The auto industry executive who drove General Motors to become the world’s largest corporation, Alfred P. Sloan, once said there simply “has to be” a particular type of person — one who is so possessing of courage and ambition as necessary “to overcome the obstacles that always develop when one tries to do something worthwhile, especially when it is new and different.” He qualified such people by a single word: Pioneer. Hawaii is a long drive from the Motor City, but it is home to a married couple whose courage, ambition and utter commitment to do something worthwhile was so new and so different two decades ago, that they are recognized today as pioneers of an industry that continues to face obstacles that would otherwise threaten its expansion and commercial acceptance.
The day that Robert King approached his wife Kelly with his third new “big idea,” she was more than a little skeptical. She had been down this road before where things had not gone according to plan with her husband’s big ideas. First had been his vision in the early 80s for a solar-powered water desalination device – it had taken time and resources, which resulted in a working prototype, but didn’t pan out. Robert’s next idea had perhaps more immediate merit as he attempted to develop a floating fueling station (gas boat). The petroleum-laden ship would anchor off of Lahaina Harbor on Maui and provide local vessels an option to the one-and-only dock operation where prices were so high as to shiver the timbers of any sailor. Robert had designed the fueling ship, formulated the plan and gained some traction, but alas, this concept too drowned in the water.
And it wasn’t as if the Kings weren’t already successful. They had what Kelly describes as “a working business” in a generator dealership that was doing very well. Robert was already kept sufficiently busy having been contracted to service and maintain generators throughout the community. So, with respect to the new idea, no one could blame Kelly for asking her husband, “Why now?” Robert made his convincing case, a case that encompassed not only cost and supply issues relative to the use of petroleum products, but also environmental concerns arising from the discarded deluge of used cooking oils that were mucking-up area landfills. Robert’s proposal was to devise a method for capturing and refining that material to create biodiesel. “Bio-what?” was Kelly’s initial response.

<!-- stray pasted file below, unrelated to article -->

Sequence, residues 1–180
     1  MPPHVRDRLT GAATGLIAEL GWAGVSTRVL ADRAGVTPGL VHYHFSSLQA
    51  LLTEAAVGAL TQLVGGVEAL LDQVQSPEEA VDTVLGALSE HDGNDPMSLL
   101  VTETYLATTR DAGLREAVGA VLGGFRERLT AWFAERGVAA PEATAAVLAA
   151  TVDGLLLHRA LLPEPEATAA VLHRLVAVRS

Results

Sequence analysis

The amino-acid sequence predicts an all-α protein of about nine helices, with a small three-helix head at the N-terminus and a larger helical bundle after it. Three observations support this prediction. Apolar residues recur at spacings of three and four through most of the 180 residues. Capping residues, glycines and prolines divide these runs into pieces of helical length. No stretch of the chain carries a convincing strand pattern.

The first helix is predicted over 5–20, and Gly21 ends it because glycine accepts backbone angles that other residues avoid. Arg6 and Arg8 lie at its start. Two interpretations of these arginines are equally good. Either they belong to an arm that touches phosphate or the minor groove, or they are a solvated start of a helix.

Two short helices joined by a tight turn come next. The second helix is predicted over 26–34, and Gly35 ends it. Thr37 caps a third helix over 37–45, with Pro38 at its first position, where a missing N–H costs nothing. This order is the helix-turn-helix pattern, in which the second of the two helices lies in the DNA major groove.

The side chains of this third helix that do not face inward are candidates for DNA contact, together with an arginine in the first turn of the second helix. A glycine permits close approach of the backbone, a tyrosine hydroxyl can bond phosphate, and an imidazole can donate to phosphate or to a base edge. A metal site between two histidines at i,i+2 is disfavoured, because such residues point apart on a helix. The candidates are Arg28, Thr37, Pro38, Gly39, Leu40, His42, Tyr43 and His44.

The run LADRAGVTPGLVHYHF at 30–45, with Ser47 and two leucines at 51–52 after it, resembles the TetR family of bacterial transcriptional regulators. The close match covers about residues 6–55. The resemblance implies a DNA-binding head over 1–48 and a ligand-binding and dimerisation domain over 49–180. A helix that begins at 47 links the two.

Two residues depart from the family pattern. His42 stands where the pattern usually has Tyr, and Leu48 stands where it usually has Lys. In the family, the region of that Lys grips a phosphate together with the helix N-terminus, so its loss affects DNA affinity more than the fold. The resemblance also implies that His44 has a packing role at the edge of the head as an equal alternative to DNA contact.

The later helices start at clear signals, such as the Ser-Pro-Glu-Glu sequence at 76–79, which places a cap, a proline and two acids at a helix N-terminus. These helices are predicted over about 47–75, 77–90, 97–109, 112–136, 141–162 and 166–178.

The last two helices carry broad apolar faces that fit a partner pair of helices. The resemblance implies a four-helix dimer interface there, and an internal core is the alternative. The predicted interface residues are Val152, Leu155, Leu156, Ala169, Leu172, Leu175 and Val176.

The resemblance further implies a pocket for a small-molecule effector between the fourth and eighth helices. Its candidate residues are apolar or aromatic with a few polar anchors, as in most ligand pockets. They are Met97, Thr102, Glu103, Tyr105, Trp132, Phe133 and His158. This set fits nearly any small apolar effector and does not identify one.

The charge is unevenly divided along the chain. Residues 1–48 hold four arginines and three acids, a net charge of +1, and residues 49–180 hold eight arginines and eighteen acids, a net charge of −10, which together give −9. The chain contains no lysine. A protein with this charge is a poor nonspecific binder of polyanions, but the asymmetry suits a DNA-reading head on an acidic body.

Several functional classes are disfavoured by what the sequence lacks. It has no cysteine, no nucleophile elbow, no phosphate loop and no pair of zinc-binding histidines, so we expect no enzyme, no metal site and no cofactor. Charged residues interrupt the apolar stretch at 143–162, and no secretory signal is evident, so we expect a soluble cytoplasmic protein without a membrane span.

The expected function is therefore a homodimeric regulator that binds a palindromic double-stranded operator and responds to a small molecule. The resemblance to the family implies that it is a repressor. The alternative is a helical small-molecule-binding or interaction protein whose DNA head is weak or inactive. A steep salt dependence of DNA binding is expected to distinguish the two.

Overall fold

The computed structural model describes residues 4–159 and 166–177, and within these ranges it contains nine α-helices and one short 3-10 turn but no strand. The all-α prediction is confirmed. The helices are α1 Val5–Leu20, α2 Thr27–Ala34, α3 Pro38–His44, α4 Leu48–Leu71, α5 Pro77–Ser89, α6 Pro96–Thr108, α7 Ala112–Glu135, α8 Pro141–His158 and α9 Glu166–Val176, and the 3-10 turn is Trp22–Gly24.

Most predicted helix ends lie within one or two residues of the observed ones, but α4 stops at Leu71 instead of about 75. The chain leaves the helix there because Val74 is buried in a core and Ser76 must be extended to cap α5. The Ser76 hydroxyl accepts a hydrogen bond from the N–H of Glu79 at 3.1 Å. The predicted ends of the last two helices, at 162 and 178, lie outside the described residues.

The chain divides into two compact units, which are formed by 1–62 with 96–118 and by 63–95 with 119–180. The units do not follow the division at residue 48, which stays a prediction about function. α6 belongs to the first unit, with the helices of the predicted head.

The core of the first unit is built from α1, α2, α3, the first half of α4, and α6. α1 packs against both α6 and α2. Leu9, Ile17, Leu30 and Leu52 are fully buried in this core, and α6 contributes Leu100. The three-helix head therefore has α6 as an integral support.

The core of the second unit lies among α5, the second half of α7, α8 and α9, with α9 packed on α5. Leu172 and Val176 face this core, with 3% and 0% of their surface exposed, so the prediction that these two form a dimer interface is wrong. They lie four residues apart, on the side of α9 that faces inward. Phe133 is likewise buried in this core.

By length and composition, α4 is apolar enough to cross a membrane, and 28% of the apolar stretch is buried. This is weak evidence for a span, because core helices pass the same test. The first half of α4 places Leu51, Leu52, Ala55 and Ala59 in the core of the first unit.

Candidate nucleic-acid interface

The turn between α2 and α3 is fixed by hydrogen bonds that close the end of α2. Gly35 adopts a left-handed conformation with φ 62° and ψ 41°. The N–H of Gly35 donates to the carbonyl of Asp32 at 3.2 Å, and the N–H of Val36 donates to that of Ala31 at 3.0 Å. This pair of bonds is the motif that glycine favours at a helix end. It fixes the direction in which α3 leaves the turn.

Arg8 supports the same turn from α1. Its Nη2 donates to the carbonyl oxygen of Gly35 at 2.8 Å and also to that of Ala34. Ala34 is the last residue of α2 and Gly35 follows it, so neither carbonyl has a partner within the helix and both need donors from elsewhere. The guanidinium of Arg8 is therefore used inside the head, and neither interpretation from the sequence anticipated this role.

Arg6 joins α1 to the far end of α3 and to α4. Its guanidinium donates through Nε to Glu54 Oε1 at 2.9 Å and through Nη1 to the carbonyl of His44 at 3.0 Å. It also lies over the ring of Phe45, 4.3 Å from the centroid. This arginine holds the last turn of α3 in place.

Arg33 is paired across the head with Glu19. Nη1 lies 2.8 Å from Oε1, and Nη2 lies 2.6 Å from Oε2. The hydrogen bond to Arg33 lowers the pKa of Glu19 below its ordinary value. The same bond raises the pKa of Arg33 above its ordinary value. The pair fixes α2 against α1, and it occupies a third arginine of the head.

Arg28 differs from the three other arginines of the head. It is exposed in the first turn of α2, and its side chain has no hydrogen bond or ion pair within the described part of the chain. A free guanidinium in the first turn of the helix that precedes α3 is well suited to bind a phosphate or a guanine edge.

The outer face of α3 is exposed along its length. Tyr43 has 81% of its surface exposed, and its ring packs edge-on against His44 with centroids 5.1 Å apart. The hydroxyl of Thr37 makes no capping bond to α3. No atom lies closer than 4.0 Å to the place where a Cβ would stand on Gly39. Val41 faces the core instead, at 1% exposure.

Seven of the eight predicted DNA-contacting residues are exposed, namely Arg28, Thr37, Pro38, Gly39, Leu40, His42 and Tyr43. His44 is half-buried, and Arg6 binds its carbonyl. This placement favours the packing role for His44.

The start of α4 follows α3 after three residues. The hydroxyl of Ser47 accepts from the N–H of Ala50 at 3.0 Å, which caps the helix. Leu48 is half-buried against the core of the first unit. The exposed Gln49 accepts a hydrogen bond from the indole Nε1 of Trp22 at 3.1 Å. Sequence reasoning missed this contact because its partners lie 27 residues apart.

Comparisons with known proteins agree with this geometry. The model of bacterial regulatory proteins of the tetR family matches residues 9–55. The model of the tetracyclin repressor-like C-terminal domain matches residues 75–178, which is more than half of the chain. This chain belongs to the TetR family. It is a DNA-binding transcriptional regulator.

It took only a year following that conversation, and in 1996 the Kings processed their first biodiesel and established Pacific Biodiesel. Now headquartered in Kahului, Hawaii, the firm’s first small-scale plant was the first commercially viable biodiesel operation in the United States. Pacific Biodiesel has since been fueling generators, commercial fleets, farm equipment, county busses, military and county vehicles, not to mention hundreds of personal vehicles, on the refined, residual energy of materials once discarded – used cooking oil and the gooey mess collected from local restaurant grease traps.
Beyond solving an environmental problem, the Kings helped launched an industry by creating a working system, which helped spur on other similar businesses. Two years later Robert was approached by a Japanese businessman who owned about 30 Kentucky Fried Chicken franchise operations in Nagano, Japan. Noting the success with used cooking oil, Soichiro Yoshida sought Pacific Biodiesel’s expertise and contracted the company to build a plant in Nagano. After completion of this project, Pacific Biodiesel returned the focus on Hawaii and built a facility in Honolulu with twice the capacity of the original Maui plant. In its 17 years of success, Pacific Biodiesel has built 12 plants throughout the United States. The company’s newest project, Big Island Biodiesel, recently launched production on the island of Hawaii.
Biodiesel fuel is non-toxic and biodegradable. Studies show that using biodiesel substantially reduces the emission of pollutants, specifically the hydrocarbons, carbon monoxide and sulfates that contribute to global climate change. Pacific Biodiesel’s community-based biodiesel production model has not only helped alleviate the environmental hazards of dumping waste oils, but has also helped diminish demand for fossil fuels, created quality local jobs and put us on a path to true energy security.
Although the benefits of biodiesel are more widely understood today, that wasn’t always the case. The Kings can be credited for helping the entire industry by proving that biodiesel is safe and highly sufficient in a variety of applications. As Kelly explains, the company began production before fuel emissions standards had been established for this segment of industry. She says basic misunderstanding and “push-back” from big oil created more than a few bumps on their road to success.